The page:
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Most Americans are rejecting the outdated regulations that curb the sharing economy. Yet regulators continue to try to box in ridesharing services by classifying them as Taxi companies.
Meyer explains in The Federalist:
Places as diverse as Austin, Texas, and Montreal, Quebec, have recently taken steps to suppress the sharing economy—specifically ridesharing—by treating the Uber as a taxi company. Regulators’ attitudes towards innovative new services can be summed up in one phrase: “Regulators gonna regulate.”
But when crafting regulation, policymakers need to keep in mind that the relationship between consumers and service providers has been transformed for the better in the sharing economy. Rather than keeping consumers safe, regulators are now threatening the growth of the new economy—growth that has proven to be a promising way to increase consumer choice, work opportunities, and economic growth.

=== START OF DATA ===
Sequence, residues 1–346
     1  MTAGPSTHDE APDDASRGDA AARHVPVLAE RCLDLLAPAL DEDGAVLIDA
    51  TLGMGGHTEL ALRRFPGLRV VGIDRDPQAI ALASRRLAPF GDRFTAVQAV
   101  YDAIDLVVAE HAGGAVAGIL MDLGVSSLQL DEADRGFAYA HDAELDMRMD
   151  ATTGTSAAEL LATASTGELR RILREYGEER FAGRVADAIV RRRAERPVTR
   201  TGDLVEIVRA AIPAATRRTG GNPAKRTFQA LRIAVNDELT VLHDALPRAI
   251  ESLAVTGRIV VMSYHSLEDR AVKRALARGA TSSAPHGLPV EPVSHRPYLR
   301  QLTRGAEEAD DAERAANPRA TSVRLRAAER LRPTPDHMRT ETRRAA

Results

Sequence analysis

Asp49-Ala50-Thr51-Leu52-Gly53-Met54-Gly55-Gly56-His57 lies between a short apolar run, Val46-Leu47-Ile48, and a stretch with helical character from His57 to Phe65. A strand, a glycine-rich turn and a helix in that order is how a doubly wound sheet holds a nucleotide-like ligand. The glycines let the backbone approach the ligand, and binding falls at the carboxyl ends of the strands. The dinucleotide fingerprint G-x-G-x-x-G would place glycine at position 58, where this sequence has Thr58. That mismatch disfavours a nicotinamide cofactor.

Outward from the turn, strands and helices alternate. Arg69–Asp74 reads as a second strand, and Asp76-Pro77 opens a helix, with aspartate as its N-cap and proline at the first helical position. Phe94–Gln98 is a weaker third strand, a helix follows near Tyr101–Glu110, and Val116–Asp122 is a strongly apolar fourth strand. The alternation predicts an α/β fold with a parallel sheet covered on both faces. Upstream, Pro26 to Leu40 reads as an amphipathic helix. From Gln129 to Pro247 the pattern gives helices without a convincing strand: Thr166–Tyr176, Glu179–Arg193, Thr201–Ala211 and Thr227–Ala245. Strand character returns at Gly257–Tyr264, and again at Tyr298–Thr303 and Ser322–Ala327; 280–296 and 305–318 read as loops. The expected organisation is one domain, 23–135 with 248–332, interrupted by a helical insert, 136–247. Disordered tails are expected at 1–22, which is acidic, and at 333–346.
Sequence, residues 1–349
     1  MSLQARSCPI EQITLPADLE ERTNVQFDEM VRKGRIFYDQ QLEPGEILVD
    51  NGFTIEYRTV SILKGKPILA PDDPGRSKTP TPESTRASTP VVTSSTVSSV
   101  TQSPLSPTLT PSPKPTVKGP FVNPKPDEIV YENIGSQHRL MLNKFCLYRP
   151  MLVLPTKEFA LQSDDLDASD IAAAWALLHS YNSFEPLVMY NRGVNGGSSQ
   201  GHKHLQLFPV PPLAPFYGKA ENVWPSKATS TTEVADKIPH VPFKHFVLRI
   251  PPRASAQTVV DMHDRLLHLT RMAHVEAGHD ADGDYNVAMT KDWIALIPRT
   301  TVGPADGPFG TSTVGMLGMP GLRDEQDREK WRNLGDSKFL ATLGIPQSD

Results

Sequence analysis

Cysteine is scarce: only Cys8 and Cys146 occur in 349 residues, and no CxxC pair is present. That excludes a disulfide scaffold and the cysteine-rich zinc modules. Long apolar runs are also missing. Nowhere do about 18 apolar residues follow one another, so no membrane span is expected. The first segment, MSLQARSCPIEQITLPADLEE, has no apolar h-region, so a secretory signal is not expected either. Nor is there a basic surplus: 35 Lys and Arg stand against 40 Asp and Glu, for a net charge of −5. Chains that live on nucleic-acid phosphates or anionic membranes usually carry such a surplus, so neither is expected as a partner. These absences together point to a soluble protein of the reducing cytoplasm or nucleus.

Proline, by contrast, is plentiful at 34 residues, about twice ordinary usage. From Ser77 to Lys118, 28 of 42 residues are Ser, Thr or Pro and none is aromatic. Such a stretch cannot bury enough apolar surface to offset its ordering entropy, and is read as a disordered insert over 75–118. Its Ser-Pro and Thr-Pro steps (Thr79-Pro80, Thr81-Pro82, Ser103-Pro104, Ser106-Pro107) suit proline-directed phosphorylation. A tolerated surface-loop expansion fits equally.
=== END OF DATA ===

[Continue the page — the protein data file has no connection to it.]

For example, at every stage in ridesharing’s growth, established interests in the taxi industry have used claims about its dangers to scare politicians into acting. Each time, the claims have been shown to be overstated or blatantly false. Undeterred, the industry continues to use any political means available to maintain its monopoly. Rather than focusing on competing on Main Street, Big Taxi turns its attention to city halls and state capitols.
Rather than applying outdated regulations on the sharing economy in the form of limits on its growth or business models, policymakers need to allow legacy companies to update their business models to better compete. In other words, taxi companies need to be allowed to become more like Uber—not the other way around.